The big takeaway: nothing is perfect, and everything is impermanent, but that realization can inspire you to treasure authentic beauty before it is gone. The most beautiful things in life are imperfect and fleeting.

Kristin MacKenzie Hussey Leland, Michigan follow: Learn More
The Warren106 N Main St, Leland, MI 49654, USA Open in Google Maps › Open in Apple Maps ›
What do you See?
What do you see? Stop 2

Maximum file size: 52.43MB

Beauty in the BrokennessA Poem by Michelle Leask

What the poet saw in the painting:

It felt like the painting, woke me and freed me from behind a door I hadn’t walked through in far too long. The poem seemed to write itself and after, I felt lighter and straighter; grateful for the release similar to how it feels after a healing ceremony.

I thought it  (the painting) was a beautiful piece, simple with soft easy colors to keep the eyes flowing. I instantly felt peace in the mix of colors and had a sense of “preparedness” when I saw the cracks in the vase/jar the plants were in. I then noticed that the flowers were wilting and starting to die, a detail that escaped me because of how beautifully the colors of the whole composition grabbed me and settled my mind. I am always inspired by duality and balance which the painting that inspired my poem does really well. The “call to action” in the poem is really raising awareness around self-care and finding balance in our busy challenging lives.

Michelle Leask I am an Anishinaabe citizen of the Red Cliff Band of Lake Superior Chippewas. I love being able to express myself through beading, painting, and creative writing or poetry but right now too much of my focus has been on the work I do in tribal public health/education around reducing the effects of childhood trauma and increasing birth equity. While I am passionate about being able to support my Native American relatives, writing this poem reminded me that I, too, need to re-balance myself and do more self care by carving out more time for being creative and playful. Learn More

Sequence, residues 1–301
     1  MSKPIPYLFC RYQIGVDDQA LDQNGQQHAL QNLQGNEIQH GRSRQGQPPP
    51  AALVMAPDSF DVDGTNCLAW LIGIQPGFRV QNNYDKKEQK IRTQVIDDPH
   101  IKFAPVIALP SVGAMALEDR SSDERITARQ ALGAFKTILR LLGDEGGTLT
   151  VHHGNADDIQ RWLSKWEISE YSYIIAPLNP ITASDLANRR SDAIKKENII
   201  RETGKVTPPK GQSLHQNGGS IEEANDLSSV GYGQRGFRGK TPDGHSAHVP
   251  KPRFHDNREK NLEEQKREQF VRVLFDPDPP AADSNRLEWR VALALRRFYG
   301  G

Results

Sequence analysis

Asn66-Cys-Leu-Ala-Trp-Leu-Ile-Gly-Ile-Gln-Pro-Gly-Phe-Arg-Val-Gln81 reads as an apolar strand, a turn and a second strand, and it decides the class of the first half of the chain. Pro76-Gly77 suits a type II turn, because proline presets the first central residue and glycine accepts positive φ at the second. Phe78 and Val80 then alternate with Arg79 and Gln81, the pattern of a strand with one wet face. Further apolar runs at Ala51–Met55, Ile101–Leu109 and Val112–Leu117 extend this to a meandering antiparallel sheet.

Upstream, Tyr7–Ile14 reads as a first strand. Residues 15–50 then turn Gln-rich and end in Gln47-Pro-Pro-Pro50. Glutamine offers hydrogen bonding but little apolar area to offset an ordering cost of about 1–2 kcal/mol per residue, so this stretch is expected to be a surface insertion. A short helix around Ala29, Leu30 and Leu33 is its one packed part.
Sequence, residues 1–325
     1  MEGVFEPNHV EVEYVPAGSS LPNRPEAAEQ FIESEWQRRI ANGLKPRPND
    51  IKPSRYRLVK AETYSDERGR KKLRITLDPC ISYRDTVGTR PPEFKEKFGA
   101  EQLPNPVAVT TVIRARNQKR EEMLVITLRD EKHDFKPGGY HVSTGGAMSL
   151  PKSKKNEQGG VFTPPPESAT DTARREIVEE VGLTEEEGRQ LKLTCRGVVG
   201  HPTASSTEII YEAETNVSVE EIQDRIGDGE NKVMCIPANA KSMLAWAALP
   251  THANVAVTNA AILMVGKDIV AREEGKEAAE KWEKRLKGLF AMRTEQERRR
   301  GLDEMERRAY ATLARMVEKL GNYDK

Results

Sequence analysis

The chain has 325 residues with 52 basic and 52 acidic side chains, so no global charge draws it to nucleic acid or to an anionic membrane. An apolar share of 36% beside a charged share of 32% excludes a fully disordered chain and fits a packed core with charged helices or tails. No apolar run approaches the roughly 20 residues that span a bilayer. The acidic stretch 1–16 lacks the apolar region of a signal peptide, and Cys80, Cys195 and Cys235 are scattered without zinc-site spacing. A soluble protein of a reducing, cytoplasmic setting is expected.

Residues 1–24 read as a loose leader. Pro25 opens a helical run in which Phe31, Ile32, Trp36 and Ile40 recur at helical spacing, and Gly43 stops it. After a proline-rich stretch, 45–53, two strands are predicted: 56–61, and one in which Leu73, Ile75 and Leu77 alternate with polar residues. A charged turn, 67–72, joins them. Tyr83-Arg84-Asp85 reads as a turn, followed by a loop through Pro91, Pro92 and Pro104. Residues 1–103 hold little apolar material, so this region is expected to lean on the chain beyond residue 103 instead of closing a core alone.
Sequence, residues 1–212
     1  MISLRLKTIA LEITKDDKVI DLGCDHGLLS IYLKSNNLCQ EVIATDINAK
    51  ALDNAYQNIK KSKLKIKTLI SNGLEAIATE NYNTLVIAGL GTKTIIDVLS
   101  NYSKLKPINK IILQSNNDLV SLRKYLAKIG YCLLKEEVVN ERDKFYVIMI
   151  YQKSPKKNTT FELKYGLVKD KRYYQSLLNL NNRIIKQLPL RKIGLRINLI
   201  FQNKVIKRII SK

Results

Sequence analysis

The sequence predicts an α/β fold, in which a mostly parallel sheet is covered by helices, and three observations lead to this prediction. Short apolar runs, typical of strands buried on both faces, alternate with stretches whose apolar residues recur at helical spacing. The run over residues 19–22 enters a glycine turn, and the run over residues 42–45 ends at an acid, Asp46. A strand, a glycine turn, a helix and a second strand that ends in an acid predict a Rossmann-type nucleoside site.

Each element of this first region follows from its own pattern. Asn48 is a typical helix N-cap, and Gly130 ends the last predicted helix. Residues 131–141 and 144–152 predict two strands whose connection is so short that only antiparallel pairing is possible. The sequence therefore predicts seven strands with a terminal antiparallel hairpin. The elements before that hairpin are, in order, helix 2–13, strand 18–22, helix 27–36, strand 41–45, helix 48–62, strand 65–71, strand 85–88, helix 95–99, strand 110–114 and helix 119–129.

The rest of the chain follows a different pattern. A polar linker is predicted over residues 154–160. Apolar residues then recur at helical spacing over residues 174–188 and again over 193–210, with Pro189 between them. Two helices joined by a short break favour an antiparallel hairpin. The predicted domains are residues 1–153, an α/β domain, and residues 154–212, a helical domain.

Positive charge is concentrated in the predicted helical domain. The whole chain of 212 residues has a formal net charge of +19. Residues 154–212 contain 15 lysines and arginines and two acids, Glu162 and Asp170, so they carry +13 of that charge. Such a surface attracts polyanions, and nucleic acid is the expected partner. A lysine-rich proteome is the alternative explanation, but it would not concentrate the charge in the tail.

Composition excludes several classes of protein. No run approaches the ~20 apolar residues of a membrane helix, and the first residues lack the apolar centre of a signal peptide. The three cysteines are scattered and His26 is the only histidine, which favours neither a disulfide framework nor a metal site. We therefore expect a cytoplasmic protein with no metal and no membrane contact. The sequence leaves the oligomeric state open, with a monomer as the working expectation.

Leelanau Books109 N Main St, Leland, MI 49654, USA Open in Google Maps › Open in Apple Maps ›
What do you See?
What do you see? Stop 3

Maximum file size: 52.43MB

"Untitled," PotteryA vessel by Benjamin Maier

Specs: 13x13x7

What the potter understood from the poem:

The poem was a call to action “don’t give up” it said, “there is hope in the world if you’re willing to look for it.”  The poem asked me to let go of preconceived judgments.  There is beauty in the brokenness.  Beauty is in the eye of the beholder.  There is no absolute beauty.  It belongs to each person who is willing to see it and let it in.

I created a raw unglazed object straight out of the kiln.  My piece is about the intimate and pure eye one needs to have to the beauty in the world.  If we don’t discredit what on the outside seems unlovely, and are willing to take the risk of opening the lid, we find that there is beauty, and smoothness inside. 

I wanted to create an opportunity to see something rough and unglazed, to go through whatever is necessary; judgment, fear, disinterest, distrust.. to find willingness and curiosity to lean in, go inside and finally to be rewarded with beauty. 

The lavender inside the container represents the possibility of real love.  It’s a metaphor for my mother.  She loved lavender and taught me to love it.  I have passed that love onto my boys.  I like the idea that it’s the through line of love through the generations of my family.

Poem’s lines represented in pottery

Wilted Flowers point to the exterior finish of my vessle

Brokeness points to the vessle’s lavender which has wilted and died but if you squeeze it and interact with it, it lives on in the fragrance.